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SEIA is the solar energy industry’s go-to source for the latest coverage on solar power, including U.S. and international policy, research and polls, business and financing trends, and more. Our staff strives to support the media covering solar energy issues and guide our members on effective media outreach with clear statements, background materials, news and multimedia resources.
SEIA is committed to informing policymakers, the media, and the American public about the benefits of solar energy for today’s communities, our economy, and our country.
Learn more from our statements and industry news below.
PV energy provider, SunEdison, has acquired a 156MW solar power plant in the US state of Colorado.
Minnehaha County officials say they've been approached by a developer seeking to build a large-scale solar power project near Sioux Falls.
Taiwanese solar stocks led by Motech Industries Inc. (6244) fell after the U.S. proposed expanded penalties on solar-energy imports in a victory for the U.S. unit of SolarWorld (SWVK) AG, which accused China of shifting production to Taiwan after it lost an earlier case.
Motech, Taiwan’s biggest solar-cell producer, slumped 6.9 percent to close at NT$44.40, the biggest one-day drop since May 21, 2013. Gintech Energy Corp. (3514), E-Ton Solar Tech Co. (3452) and Neo Solar Power Corp. (3576) also tumbled.
Calling it “a lesson to be learned from, not an experience to be avoided,” the Solar Energy Industries Association (SEIA) today released a comprehensive study taking an in-depth look at Germany’s solar support programs and how the United States can benefit in the long term from the experiences of the world’s leading solar producer.
The Solar Energy Industries Association® (SEIA®) praised Interior Secretary Ken Salazar for his leadership that resulted in the groundbreaking today for the 1,000 megawatt (MW) Blythe Solar Power Project in Blythe, Calif., which will be the world's largest solar energy facility. The completed project is expected to generate enough electricity to power more than 200,000 households.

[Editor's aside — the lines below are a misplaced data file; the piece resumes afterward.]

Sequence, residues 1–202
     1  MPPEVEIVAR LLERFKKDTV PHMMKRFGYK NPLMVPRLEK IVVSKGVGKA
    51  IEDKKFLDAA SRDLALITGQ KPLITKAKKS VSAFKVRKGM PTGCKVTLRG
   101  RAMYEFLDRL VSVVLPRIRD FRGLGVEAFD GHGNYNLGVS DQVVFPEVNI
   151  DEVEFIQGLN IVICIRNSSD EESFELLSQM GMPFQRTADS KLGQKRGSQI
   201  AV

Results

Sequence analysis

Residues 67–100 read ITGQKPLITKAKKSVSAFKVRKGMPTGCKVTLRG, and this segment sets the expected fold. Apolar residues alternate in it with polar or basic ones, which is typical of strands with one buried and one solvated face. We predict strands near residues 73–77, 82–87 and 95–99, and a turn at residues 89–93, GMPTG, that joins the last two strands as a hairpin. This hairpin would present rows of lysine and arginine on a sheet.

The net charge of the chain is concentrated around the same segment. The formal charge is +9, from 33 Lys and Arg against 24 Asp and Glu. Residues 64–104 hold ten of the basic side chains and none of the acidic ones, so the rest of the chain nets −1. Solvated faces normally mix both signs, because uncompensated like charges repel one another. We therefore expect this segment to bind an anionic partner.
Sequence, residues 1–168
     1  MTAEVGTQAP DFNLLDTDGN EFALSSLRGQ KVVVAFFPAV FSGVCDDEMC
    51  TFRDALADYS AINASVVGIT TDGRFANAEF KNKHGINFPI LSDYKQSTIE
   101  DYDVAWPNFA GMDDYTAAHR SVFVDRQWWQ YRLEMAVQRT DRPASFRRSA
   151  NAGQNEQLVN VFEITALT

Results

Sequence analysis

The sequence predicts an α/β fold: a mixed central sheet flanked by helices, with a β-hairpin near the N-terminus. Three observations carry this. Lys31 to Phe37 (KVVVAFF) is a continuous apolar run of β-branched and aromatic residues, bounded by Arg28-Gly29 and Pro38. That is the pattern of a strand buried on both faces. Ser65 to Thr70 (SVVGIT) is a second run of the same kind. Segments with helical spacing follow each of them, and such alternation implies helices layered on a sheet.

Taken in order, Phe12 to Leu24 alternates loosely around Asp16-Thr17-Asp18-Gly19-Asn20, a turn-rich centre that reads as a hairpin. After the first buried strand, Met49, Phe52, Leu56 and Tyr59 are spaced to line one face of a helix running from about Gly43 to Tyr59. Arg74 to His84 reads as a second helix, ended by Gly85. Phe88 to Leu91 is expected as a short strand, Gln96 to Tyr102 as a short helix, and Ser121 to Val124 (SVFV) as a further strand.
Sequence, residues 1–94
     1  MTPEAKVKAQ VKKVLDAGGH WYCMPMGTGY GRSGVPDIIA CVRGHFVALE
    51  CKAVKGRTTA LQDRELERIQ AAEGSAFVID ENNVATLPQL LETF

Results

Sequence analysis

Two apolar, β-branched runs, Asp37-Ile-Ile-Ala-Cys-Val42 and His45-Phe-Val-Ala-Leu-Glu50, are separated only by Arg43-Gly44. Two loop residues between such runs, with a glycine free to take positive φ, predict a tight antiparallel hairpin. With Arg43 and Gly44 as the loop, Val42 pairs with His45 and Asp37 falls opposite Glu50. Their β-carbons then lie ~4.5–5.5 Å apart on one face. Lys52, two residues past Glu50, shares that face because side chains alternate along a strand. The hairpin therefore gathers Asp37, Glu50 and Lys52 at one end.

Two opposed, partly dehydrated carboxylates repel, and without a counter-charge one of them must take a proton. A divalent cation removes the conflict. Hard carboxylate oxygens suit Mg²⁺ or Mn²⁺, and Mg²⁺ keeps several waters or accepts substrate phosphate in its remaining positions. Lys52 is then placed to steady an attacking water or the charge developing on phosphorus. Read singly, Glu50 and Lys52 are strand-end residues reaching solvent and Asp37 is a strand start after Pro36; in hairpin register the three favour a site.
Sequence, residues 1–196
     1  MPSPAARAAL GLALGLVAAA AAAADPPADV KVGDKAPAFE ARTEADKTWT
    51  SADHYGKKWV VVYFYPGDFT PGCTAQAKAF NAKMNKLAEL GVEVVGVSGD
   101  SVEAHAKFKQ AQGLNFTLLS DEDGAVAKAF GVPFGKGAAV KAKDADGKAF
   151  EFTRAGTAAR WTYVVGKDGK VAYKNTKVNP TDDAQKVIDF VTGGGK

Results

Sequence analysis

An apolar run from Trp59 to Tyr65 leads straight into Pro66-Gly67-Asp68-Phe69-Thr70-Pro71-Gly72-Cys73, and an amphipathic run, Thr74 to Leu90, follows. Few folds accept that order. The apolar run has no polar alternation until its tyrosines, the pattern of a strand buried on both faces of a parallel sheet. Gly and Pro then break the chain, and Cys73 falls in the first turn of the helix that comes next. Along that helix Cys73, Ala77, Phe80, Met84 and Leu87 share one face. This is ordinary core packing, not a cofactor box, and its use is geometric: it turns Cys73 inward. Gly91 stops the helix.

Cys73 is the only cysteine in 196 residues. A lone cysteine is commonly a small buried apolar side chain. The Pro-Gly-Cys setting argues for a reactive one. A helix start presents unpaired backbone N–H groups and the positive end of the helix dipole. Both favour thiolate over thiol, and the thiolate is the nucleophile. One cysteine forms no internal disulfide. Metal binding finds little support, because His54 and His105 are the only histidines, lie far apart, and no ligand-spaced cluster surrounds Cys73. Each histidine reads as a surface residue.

The U.S. solar energy industry continued to be one of the fastest growing sectors of the economy in Q1 2011 according to the U.S. Solar Market InsightTM: Q1 2011 released today by the Solar Energy Industries Association® (SEIA®) and GTM Research.
SEIA Commends Secretary Salazar, Obama Administration for Continued Commitment to Developing Solar Energy Projects on Public Land
Rhone Resch, president and CEO of the Solar Energy Industries Association (SEIA), released the following statement today on efforts by the Obama Administration, and particularly Secretary of the Interior Ken Salazar, to develop utility-scale solar energy projects on public lands.
Today Rhone Resch, president and CEO of the Solar Energy Industries Association® (SEIA), testified before the U.S. House Natural Resources Committee hearing, "American Energy Initiative: Identifying Roadblocks to Wind and Solar Energy on Public Lands and Waters."
The Solar Energy Industries Association (SEIA) today announced that it has hired Manning Feraci to serve as Vice President of Legislative Affairs for the organization effective Monday, May 9. Feraci will lead the organization's efforts on Capitol Hill.
Like thick smog hanging stubbornly overhead, many of the arguments against President Obama's climate change policy are stagnant, potentially dangerous and pose a serious, long-term threat to America's future. The naysayers have called the president's plan everything from "sheer fantasy" to "massive sacrifice," but they are tethered to antiquated, 20th century mindsets.
In the past decade since we first launched our business, our economy has endured unprecedented challenges, and at long last, we seem to be recovering from the greatest recession of our time. If consumer confidence were the greatest indicator of fiscal heath, the general sentiment from our customers would serve as “proof positive” that we are moving forward.
Last Friday, July 12 the Long Island Power Authority (LIPA) said it wants more solar—a lot more solar for the small island. The island’s electric utility announced its CLEAN Solar Initiative-II (CSI-11), a program that will provide a feed-in tariff for 100 megawatts of solar projects between 100 kilowatts and 2 megawatts. And that’s just for now. The utility also is planning to issue requests for proposal for another 300 megawatts of renewable energy.
The advance of solar power as an economically viable source of energy is a global issue.
But if there is a ground zero for solar’s evolution toward becoming a real alternative to carbon-based energy sources, it is Arizona. This state, by definition, should lead the way.
At first glance, it might seem obvious where the United States should focus on building more renewable energy. Stick the solar panels in sunny Arizona and hoist up the wind turbines on the gusty Great Plains, right?